When I was a kid, my mother put salt on melon (cantaloupe). I tried it and acquired the taste. The idea seems strange to most, but I believe it gives a sweeter taste to the melon. Try it. Or better yet, try prosciutto with prosciutto has a salty taste which seems to sweeten the melon even more. It is such a simple recipe that that one might think it is not worth the effort to describe. But once you try it, you will understand why I describe it here.
As I have mentioned before, prosciutto is the Italian word for ham. But it is usually referred to in the US as an aged, spiced, and cured ham thinly sliced and uncooked ham. The Italians refer to cooked ham (like we normally eat) as prosciutto cotto (which means literally cooked ham). But the prosciutto that is cured is referred to in Italy as prosciutto crudo (meaning raw ham). A fine prosciutto crudo can take anywhere from 9 months to one and a half years to make. Prosciutto crudo comes from central and northern Italy (Tuscany and Emilia in particular), and some prosciutto producing areas have a protected status just like San Marzano plum tomatoes and some antipasto delicacies we have discussed. In particular, the prosciutto di Parma, prosciutto di San Daniele, prosciutto di Modena, prosciutto di Toscano, prosciutto di Veneto, and prosciutto di Carpegna all have the PDO (protected designation of origin) status.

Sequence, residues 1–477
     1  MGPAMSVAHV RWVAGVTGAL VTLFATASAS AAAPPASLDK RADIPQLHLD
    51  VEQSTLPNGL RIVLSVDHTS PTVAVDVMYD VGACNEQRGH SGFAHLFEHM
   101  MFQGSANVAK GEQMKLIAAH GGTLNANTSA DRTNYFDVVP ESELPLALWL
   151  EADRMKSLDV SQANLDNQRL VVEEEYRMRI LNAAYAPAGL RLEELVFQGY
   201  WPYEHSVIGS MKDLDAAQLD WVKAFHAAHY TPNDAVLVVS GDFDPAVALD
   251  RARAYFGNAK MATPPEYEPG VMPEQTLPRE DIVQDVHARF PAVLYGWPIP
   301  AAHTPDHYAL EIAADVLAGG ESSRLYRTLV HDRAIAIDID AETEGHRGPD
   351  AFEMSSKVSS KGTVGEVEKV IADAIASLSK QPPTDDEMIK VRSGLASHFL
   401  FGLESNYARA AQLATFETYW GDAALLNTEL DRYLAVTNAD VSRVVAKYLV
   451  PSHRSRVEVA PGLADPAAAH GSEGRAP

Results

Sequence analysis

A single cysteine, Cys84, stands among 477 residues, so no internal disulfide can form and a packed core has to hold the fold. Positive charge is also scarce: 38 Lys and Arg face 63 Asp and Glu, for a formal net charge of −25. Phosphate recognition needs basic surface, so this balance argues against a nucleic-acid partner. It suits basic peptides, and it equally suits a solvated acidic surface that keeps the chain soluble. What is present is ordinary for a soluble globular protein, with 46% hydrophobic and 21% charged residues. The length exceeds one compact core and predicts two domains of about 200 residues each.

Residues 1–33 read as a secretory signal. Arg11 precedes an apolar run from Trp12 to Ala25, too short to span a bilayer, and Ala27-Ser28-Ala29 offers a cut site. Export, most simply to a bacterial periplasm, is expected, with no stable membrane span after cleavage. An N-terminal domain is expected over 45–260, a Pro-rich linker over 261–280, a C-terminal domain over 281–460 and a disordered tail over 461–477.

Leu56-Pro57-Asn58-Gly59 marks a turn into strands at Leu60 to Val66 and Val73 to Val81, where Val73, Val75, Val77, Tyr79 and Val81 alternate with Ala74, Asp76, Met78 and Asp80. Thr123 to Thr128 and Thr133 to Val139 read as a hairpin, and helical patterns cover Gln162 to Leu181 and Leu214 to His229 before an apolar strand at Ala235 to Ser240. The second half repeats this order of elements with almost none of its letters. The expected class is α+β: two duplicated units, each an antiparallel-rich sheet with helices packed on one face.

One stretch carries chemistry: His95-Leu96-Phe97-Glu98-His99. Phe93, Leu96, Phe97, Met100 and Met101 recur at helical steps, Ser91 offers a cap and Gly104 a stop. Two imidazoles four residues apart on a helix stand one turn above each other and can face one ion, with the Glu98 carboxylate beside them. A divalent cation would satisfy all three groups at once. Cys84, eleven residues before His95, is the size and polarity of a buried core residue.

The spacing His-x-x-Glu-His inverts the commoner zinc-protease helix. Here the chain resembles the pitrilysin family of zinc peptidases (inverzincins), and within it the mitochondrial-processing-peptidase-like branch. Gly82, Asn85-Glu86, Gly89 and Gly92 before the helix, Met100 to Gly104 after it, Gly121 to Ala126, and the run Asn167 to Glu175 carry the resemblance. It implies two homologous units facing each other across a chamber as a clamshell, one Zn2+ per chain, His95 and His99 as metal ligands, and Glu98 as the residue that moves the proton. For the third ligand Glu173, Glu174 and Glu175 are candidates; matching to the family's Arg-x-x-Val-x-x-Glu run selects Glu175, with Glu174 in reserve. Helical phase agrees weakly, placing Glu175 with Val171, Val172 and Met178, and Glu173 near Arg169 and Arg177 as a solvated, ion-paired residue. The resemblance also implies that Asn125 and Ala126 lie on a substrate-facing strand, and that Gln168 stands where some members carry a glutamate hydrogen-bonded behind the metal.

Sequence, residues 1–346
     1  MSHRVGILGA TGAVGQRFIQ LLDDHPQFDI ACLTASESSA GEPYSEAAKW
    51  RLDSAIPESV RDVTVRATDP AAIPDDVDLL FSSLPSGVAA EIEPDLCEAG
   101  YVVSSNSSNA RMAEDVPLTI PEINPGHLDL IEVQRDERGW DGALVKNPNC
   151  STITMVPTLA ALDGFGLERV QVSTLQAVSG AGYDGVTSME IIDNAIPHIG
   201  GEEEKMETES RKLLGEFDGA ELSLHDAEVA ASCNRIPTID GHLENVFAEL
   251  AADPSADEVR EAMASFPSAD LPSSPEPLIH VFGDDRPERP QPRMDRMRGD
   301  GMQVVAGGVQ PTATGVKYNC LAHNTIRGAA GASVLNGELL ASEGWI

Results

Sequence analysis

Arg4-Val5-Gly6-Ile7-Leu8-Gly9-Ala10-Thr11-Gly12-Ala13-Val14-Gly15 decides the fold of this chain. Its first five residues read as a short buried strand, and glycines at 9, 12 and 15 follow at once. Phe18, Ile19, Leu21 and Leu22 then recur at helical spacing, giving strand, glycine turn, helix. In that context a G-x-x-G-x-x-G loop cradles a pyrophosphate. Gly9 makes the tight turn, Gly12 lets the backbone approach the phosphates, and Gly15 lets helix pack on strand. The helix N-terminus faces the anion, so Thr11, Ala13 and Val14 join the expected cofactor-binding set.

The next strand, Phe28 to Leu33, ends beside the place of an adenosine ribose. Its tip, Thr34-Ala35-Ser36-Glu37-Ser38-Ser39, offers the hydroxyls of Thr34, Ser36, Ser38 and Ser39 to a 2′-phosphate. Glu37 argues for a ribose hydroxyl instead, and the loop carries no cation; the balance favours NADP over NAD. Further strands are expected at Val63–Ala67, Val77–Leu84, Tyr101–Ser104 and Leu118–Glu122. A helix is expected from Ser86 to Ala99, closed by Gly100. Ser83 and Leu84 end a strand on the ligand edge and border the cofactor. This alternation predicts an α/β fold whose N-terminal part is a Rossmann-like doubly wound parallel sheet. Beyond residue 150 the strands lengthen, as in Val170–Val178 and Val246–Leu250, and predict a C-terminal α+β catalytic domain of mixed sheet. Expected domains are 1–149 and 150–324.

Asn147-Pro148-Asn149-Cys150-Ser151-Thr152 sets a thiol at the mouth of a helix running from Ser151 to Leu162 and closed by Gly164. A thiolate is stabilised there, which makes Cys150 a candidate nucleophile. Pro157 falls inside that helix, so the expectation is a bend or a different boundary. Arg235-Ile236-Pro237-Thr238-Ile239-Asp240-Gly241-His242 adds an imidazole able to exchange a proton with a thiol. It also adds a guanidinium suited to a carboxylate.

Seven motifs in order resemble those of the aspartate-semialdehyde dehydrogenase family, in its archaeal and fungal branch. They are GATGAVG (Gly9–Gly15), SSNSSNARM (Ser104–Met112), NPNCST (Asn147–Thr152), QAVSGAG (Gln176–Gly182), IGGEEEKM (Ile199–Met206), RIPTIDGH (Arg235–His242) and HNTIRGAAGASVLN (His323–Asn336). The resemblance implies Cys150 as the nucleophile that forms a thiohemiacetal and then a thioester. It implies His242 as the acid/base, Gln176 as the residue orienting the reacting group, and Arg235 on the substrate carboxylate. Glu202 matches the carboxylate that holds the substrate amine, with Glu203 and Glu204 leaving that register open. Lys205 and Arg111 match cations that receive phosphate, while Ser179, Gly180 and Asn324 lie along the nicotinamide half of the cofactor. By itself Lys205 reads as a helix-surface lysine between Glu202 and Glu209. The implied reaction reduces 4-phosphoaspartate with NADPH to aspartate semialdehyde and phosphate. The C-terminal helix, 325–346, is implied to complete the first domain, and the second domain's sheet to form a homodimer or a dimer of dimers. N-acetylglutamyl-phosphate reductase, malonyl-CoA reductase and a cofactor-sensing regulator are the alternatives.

Ingredients (6 servings):
1 melon cut into 8 wedges with the rind removed (combine any smaller slices to make 6 servings).
18 extremely thin slices of prosciutto
Place each melon slice on a plate with 3 prosciutto slices arranged alongside or draped over the melon. Enjoy. Chou for now.